Application of capitals to Integrated Reporting <IR> explored in new background paper | ACCA Global
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Although companies depend on the six capitals to different extents, collectively these capitals affect the long term survival of any company and influence its value creation. Reporting on them is therefore a crucial element in future corporate reporting and will be necessary to meet stakeholders’ expectations
—Rachel Jackson, head of sustainability, ACCA

Capitals - from human to intellectual - seen as important for viability of an organization’s business model

The current and future application of capitals in Integrated Reporting <IR> are explained today in a new report prepared for the IIRC (International Integrated Reporting Council) by a group led by ACCA (the Association of Chartered Certified Accountants) and the Netherlands Institute of Chartered Accountants (NBA).

The Background Paper for <IR> explores the multiple capitals that are recognised as a fundamental concept for <IR>. The IIRC has identified capitals as financial capital, manufactured capital, intellectual capital, human capital, social and relationship capital, and natural capital. 

When reported together, these capitals represent an important picture of an organization’s value creation. All organizations depend on various forms of capital for their success, including ones they do not own, and the different capitals should be part of the organization’s business model and strategy.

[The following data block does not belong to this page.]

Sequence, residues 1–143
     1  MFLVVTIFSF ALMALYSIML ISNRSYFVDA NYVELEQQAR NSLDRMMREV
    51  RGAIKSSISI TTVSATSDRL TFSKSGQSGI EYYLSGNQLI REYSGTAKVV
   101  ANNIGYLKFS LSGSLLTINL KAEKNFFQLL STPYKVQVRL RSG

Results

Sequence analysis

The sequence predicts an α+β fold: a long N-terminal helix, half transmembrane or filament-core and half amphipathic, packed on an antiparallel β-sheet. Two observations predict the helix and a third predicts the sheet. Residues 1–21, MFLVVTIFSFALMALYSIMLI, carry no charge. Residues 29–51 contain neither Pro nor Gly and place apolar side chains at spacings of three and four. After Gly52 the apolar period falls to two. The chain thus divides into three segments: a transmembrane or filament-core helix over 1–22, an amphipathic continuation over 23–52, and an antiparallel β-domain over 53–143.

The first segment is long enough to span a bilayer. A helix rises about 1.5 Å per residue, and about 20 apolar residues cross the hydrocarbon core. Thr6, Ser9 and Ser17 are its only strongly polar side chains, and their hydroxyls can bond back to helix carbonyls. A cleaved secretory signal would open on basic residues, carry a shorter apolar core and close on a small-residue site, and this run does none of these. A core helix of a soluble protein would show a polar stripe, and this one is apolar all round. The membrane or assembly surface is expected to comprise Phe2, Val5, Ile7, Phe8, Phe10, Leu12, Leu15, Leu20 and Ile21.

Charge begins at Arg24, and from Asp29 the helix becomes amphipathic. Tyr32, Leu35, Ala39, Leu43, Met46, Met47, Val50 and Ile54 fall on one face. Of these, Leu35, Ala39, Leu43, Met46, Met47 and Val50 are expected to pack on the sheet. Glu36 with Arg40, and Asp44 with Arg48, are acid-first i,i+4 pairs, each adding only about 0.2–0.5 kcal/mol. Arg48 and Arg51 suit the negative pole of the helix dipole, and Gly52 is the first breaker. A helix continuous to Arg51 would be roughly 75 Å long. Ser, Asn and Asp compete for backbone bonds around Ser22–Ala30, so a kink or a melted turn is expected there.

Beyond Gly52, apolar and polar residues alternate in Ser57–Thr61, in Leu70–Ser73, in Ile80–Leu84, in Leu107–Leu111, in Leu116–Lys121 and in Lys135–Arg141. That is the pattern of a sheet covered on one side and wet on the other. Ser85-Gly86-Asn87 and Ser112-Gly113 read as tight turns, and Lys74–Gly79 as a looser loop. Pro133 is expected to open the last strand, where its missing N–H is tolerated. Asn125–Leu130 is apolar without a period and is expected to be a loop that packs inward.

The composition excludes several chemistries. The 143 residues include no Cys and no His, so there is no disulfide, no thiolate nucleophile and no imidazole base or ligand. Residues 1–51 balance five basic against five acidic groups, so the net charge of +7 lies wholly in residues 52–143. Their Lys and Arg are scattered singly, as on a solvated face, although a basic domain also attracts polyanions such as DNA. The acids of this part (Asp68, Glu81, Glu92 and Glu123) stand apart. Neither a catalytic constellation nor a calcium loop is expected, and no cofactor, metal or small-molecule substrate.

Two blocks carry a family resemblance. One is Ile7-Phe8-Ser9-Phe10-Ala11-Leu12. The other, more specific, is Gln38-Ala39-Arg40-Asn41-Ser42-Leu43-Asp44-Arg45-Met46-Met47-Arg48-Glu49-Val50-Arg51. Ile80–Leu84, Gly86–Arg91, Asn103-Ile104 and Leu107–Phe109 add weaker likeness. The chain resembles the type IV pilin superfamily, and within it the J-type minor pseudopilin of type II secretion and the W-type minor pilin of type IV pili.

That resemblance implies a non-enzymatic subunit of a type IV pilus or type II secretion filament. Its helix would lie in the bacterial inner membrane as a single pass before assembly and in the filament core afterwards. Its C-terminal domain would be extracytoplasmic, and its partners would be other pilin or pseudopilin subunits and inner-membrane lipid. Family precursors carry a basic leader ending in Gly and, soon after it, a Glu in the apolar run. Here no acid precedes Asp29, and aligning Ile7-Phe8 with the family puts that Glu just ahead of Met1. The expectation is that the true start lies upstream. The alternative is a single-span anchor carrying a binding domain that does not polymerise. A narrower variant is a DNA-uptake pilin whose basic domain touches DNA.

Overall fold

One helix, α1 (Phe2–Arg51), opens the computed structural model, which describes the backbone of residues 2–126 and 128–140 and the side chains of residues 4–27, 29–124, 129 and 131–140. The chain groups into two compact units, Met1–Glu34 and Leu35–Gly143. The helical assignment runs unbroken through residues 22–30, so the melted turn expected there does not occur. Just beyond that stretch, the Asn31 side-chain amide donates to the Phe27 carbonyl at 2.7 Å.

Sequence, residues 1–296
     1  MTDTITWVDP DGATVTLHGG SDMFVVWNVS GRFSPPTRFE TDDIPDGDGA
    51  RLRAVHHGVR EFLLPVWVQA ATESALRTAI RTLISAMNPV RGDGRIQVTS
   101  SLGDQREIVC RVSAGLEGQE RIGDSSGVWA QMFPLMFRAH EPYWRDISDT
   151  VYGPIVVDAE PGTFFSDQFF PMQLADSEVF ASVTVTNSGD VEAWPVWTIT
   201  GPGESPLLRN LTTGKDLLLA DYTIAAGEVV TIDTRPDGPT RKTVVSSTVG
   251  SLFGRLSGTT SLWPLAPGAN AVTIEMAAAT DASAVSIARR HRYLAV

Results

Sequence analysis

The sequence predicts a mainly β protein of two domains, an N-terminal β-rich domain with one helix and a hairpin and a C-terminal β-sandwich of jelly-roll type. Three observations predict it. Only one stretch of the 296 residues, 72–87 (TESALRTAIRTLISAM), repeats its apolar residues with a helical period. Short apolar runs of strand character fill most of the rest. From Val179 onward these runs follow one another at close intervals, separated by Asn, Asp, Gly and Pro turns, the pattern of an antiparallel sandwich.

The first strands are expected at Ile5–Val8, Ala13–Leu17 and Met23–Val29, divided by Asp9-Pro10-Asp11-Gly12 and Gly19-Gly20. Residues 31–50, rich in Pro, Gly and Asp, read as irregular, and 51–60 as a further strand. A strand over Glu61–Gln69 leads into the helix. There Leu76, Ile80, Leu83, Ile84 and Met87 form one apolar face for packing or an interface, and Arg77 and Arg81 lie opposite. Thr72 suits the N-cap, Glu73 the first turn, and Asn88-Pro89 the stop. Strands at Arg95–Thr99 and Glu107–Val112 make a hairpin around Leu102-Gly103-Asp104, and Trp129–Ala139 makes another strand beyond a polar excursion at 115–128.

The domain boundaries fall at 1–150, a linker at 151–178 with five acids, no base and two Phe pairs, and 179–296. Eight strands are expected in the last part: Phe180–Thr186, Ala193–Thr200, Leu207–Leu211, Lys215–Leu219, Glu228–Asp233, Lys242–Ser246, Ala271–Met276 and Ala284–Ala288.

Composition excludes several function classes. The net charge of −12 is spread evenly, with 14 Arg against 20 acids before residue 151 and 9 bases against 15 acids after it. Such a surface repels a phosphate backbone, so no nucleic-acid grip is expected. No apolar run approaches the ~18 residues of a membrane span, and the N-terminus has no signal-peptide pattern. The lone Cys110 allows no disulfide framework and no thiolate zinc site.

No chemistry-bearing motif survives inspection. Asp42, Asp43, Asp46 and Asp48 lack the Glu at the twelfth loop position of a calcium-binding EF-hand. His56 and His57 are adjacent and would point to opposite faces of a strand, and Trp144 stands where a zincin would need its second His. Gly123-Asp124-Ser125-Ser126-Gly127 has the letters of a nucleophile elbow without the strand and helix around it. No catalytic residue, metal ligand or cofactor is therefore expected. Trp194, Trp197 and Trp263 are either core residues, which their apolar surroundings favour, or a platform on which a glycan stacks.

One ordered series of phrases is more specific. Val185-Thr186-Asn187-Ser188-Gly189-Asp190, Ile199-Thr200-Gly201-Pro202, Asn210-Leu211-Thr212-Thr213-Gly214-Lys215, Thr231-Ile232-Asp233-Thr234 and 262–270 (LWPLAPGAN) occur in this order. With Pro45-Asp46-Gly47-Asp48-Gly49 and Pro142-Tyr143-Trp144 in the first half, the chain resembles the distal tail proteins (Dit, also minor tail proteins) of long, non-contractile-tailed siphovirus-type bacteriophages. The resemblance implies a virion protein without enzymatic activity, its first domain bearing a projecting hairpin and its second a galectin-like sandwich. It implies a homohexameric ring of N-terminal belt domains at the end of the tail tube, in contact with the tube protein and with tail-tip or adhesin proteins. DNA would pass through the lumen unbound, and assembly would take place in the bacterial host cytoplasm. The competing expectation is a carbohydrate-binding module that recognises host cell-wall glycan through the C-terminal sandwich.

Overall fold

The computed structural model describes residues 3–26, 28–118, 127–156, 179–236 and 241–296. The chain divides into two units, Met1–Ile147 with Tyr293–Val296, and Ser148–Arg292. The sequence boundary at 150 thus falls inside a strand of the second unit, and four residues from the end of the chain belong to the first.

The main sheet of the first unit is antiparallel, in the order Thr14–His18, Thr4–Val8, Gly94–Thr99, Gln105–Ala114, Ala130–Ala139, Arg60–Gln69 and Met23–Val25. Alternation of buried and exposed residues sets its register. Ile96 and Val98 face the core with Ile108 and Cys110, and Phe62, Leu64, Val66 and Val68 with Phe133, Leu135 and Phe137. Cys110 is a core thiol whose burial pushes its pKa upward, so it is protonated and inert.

The Paper is being issued ahead of the IIRC’s global consultation about the future of <IR>, due to be published on the 16 April 2013. The report provides a sound basis for the role of capitals in the <IR> Framework, suggests new proposals for improving the categorisation and descriptions of capitals adopted by the IIRC and provides more background to what may be unfamiliar concepts to help in their practical application.

Rachel Jackson, head of sustainability at ACCA and a member of the steering group for this Paper, says: 'Although companies depend on the six capitals to different extents, collectively these capitals affect the long term survival of any company and influence its value creation. Reporting on them is therefore a crucial element in future corporate reporting and will be necessary to meet stakeholders' expectations.'

Dr Andrea Coulson, from the University of Strathclyde, Chair of ACCA’s Global Forum on Sustainability and a member of the project team adds: 'Exploring the concept of multiple capitals; their definition, relationships and maintenance is critical to an inclusive debate on developments in <IR>.' 

Dr Carol Adams, Director at Integrated Horizons, and also a member of the project team, says: 'CFOs and Boards have tended to privilege information which can be quantified, focus on the short term and ignore the impact that value creation and depletion of some of the capitals can have on long term business success. All that must change for organisations that want to be around in the long term.'

The report concludes that there is a need to place capitals in a strategic context, which is a prime need for investors who make their investment decisions based on material about a company available to them. 

Richard Martin, head of corporate reporting at ACCA concludes: 'The key point about <IR> is to communicate value, giving a broader explanation of performance than traditional reporting, and identifying and reporting on capitals, either via metrics or being part of the narrative.'